The career transition column by Liz Weldon
My last season, I tried implementing regular meditation and mindfulness practices. Around Thanksgiving, I was using a meditation app and I sat down to do a meditation focusing on gratitude. I remember listening to this meditation, and all I felt was anger, frustration and bitterness.
I was frustrated by my career. I was bitter that I had missed out on years of training that my coworkers had had. I was in my mid-thirties and felt like I ran out of time because I started so late (see the first installment). I didn’t feel like I had the chance to fully develop as a dancer; that I was perpetually trying to catch up. Underneath it all, I was angry and disappointed with myself for not speaking up about how badly I wanted to be a dancer during my formative years; for not advocating for myself and what I really wanted, but had instead buried inside and denied for many years.
During that meditation, I couldn’t get to that place of being grateful. That experience felt like a huge indication that something needed to change. I knew I was stuck mentally.
For the rest of the time I was dancing, I focused on shifting my perspective to being more grateful. I wanted to be at peace as much as possible. I just wanted to try to savor and enjoy it as much as I could. I tried to be present, notice every moment on stage, and treat every opportunity as such a gift because I knew that it would be gone soon. There are meditation practices that focus on death in the idea that if we see everything as impermanent, it can in turn help us appreciate our lives more, and find value in the simple pleasures of living.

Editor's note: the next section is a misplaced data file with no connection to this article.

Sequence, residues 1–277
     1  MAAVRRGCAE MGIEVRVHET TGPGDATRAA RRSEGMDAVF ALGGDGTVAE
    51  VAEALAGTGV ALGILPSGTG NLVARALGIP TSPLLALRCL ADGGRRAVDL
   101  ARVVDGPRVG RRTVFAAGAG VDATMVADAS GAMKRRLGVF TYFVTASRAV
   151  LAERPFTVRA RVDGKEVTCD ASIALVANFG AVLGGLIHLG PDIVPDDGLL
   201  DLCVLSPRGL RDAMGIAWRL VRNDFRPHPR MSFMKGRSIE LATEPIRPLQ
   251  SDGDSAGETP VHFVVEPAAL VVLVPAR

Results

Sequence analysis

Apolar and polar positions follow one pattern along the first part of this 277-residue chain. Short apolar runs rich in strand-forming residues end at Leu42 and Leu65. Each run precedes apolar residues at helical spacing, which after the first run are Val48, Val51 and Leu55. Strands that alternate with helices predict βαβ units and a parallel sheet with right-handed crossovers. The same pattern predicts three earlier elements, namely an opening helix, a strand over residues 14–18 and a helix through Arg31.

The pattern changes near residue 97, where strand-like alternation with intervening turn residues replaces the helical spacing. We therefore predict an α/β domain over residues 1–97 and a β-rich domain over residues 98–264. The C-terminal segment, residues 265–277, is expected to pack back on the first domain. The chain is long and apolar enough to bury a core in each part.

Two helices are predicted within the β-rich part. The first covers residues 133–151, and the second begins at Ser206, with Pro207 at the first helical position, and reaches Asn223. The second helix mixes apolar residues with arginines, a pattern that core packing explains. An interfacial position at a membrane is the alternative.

The final months of my career were about finding appreciation in everything with the understanding it would all end. Not that complex emotions weren’t still present, but I think I had a better way of relating to those feelings. I had found more of a sense of acceptance. Through meditation, I was better able to see the situation I was in and have the awareness that I had to choose to leave in order to choose myself. I could also observe the mental tension I was living with from experiencing ongoing cognitive dissonance: I was struggling to reconcile being a dancer while seeing the disgusting aspects of the industry and disagreeing with the way people were being treated.
In Shawn Achor’s book, The Happiness Advantage: How a Positive Brain Fuels Success in Work and Life, he suggests one of the ways to cultivate a positive brain is to practice gratitude. Achor is a leader in studies on positive psychology, a NY Times bestselling author, and featured on the cover of Harvard Business Review. His research shows that certain practices, such as finding 3 things you’re grateful for 21 days, can rewire your brain to be more positive and that having a more positive brain leads to success, versus thinking that it is success that leads to happiness. While this can be a useful tool, it should also be said that if you’re experiencing trauma in your work environment, as many dancers do, additional options should be explored.
Listen to Achor’s TedTalk
Read more on Why Gratitude Is Good